We want to remind you that phone scams happen frequently and remind you to stay alert. The calls can be received on any campus phone or cell phone. Although there are many different types of phone scams, the most common types are: IRS Scams, Jury Duty Scams, Tech Support Scams, and Government Grant Scams.
Most recently, a Government Imposter Scam is gaining momentum at universities and businesses around the country, including in Houston. Specifically, this scam impersonates the Chinese Consulate and claim’s the individual’s immigration status may be in jeopardy.
We know that identifying a scam can be tricky and with caller ID spoofing, this tricky task can become extremely difficult. Here are some tips to help you avoid becoming a victim of a phone scam:
- Be suspicious. Never trust a name or number on your caller ID. It is ok to hang up if something does not feel “right.”
- Never allow an unknown person access to your computer.
- Never give out personal information such as account numbers, social security numbers, and passwords.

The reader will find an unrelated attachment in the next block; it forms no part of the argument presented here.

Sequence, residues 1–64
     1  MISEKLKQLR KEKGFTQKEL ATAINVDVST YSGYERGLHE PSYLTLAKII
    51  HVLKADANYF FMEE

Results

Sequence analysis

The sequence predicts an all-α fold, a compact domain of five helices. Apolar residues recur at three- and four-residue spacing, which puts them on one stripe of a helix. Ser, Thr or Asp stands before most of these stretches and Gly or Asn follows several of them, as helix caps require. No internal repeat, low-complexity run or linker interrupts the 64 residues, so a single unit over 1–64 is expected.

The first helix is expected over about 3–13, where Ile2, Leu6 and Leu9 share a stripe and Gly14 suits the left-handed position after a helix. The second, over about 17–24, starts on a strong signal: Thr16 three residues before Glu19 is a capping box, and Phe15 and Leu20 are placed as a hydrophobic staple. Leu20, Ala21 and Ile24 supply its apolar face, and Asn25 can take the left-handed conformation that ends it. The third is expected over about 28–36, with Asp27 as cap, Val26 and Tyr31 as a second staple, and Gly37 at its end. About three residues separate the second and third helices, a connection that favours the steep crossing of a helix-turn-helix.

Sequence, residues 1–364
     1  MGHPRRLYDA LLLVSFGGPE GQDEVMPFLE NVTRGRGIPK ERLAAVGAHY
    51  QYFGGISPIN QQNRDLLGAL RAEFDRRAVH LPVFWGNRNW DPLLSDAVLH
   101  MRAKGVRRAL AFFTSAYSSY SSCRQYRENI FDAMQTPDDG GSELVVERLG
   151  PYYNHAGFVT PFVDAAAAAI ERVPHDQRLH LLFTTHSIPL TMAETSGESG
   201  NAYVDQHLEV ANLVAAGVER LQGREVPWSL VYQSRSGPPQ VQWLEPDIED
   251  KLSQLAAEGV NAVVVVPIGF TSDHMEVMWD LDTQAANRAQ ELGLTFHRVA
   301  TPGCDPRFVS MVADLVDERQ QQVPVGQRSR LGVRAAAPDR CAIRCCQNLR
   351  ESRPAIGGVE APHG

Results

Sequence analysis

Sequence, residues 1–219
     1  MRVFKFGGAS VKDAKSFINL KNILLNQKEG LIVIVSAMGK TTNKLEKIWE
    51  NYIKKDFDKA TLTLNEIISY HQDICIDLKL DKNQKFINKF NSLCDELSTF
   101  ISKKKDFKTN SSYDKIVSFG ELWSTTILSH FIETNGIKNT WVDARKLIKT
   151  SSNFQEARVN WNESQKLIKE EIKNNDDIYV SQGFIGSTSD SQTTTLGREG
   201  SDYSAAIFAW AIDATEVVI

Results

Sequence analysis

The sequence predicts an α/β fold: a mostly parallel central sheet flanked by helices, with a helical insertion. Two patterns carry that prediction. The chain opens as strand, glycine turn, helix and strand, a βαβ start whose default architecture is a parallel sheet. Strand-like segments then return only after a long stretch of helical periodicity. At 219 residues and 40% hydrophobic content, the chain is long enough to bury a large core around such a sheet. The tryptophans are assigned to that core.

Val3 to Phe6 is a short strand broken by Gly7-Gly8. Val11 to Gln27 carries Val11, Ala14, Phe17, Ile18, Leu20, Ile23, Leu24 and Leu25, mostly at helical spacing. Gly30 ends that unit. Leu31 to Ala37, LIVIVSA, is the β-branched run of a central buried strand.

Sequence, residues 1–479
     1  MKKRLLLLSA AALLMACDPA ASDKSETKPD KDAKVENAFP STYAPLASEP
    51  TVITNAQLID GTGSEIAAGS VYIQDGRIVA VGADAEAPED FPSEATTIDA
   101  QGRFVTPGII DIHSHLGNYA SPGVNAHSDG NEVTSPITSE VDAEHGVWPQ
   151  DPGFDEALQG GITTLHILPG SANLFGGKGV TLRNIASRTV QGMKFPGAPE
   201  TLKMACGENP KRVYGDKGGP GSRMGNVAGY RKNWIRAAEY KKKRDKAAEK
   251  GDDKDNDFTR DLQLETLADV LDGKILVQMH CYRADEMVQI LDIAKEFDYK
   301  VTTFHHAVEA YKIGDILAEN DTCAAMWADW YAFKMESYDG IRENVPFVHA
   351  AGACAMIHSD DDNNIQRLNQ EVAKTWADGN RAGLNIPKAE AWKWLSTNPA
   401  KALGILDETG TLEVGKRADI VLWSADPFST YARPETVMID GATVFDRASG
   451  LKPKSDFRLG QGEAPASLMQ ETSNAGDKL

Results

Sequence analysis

- Never wire money to or purchase a gift card for a person you do not know.
- File a complaint with the Federal Trade Commission. If the scam involved access to Sam Houston State University equipment, contact the IT@Sam Service Desk immediately.
Stay safe, Bearkats.
Many received an email sent March 20, 2018 claiming to be from Dr. Hoyt about a Business Integrity Program The email had a subject of “FW:[ATTENTION REQUIRED] Sam Houston State University Revised Business Development, Implementation, and Review of Guidelines and Goals” and looked like the example below.
The message contained a PDF that when opened requested your SHSU login credentials. IT Security has blocked any further emails from being delivered and blocked the site that is storing entered login credentials. They have also contacted the appropriate parties to disable and remove the malicious site.
If you received this message and still have the email in your inbox with the subject of “FW:[ATTENTION REQUIRED] Sam Houston State University Revised Business Development, Implementation, and Review of Guidelines and Goals”, please delete the email. No further action is required.